introduced in 2001, with expectations of nationwide coverage by 2010. 
Digital cable TV services were launched in 2004, when the Korean 
National Assembly revised the broadcasting law, also allowing for 
increased foreign investment in Korean SOs and program providers. This 
investment will speed up the deployment of digital cable TV, which in 
turn means increased opportunities for equipment suppliers and program 
    Korean cable TV SOs and program providers are now focused on 
digitizing most of their broadcasting facilities. After the 
introduction of direct-to-home (DTH) services in 2000, the Korea 
Digital Satellite Broadcasting consortium acquired the necessary 
license and launched pay TV services via its DTH satellite platform, 
SkyLife, whose subscribers number more than 1.96 million.
    The Korean cable industry is now discovering that programming 
content is severely lacking, with providers often limited to showing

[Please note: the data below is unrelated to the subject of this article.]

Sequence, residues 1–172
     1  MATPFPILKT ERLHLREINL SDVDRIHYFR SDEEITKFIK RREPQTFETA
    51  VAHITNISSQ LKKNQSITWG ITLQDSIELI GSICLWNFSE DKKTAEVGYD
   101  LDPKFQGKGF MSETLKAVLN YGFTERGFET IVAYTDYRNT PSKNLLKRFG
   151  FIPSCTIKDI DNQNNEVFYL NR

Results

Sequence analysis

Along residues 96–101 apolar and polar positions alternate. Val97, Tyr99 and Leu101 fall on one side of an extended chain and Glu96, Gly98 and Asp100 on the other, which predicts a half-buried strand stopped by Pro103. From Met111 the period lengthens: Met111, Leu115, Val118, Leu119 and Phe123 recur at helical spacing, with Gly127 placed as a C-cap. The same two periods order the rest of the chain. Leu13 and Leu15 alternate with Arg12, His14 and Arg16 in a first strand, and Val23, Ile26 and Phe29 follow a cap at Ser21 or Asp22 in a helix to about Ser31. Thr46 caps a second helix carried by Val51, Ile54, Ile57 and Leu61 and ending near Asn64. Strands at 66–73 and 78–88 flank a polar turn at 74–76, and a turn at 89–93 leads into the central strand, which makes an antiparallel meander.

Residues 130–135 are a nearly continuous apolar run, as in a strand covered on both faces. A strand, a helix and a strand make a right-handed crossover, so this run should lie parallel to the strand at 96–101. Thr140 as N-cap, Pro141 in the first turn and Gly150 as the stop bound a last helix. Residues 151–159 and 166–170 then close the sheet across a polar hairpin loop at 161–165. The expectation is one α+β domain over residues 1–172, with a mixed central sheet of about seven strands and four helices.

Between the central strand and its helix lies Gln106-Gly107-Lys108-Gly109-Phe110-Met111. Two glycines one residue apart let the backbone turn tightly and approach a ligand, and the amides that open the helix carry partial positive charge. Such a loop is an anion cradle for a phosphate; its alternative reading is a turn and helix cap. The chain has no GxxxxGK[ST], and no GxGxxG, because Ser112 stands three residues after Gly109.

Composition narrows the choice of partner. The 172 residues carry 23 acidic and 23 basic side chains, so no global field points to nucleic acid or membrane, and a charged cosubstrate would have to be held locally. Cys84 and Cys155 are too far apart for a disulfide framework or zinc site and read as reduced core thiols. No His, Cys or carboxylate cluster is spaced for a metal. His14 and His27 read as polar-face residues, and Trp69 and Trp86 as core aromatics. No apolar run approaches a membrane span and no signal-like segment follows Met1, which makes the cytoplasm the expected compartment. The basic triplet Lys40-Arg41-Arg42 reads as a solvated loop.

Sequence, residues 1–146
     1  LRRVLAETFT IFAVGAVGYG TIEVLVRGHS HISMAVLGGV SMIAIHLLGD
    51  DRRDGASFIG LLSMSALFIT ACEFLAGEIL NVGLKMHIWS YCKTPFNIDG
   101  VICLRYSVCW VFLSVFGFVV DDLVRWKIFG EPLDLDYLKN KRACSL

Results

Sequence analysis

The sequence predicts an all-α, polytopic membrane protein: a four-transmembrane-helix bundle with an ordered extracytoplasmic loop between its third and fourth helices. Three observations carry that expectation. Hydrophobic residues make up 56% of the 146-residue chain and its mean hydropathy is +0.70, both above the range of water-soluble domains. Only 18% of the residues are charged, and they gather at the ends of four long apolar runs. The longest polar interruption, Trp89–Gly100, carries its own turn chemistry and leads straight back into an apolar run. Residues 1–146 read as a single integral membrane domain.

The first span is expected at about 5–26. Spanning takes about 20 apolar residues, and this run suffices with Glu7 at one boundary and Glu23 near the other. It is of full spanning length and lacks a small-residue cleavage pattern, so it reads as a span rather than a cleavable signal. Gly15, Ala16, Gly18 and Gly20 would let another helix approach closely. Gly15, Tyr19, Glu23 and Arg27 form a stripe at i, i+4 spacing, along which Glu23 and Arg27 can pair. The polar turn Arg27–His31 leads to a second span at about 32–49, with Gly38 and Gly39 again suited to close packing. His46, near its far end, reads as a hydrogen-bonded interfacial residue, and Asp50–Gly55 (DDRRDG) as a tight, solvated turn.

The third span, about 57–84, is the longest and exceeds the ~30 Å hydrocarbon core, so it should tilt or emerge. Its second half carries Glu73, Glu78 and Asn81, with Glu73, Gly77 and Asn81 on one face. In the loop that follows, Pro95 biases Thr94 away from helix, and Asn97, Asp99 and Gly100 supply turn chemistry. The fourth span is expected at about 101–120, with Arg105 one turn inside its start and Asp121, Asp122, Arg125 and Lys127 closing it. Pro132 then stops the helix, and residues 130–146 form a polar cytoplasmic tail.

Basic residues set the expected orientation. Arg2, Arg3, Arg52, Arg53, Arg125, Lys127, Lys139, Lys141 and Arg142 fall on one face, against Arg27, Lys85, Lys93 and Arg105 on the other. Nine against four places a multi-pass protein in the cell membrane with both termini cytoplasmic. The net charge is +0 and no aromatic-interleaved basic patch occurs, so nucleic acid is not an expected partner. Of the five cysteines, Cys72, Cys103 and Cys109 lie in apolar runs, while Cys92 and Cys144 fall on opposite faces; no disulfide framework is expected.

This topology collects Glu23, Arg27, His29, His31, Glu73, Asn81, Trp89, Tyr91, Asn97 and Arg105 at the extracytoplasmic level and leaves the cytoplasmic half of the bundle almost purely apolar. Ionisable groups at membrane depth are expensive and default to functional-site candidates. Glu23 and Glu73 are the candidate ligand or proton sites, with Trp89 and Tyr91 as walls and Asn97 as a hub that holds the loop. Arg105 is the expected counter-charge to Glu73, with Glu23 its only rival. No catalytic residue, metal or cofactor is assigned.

amateur videos. Also driving the development of improved digital 
content are new and potentially exclusive channels, basic and premium 
tier channels, plus on-demand content from domestic and foreign program 
suppliers. The business of digital programming and content is made 
highly attractive by significant competition from cable, the rise in 
DTH services, the advent of IPTV, a projection that the digital TV 
universe will be almost all-pay by 2015, and major gains in consumer 
purchases of digital set-top-boxes (STBs).
    Open IPTV will also try to join the industry in the near future. 
IPTV service will trigger strong demand for U.S.-based digital online 
content, a market estimated to have reached USD 180 million this year. 
The Korean Communications Commission is open to selecting more IPTV 
service providers that meet standards for technological expertise and 
business management, boosting opportunities for U.S. companies. The 
shortage of quality content for the growing new service platforms 
represents additional opportunities for already popular U.S. content 
providers, who are currently contributing 70% of Korea's foreign 
programming content. Best prospects for imported programming are in the 
areas of movies, sports, animation, drama and documentaries.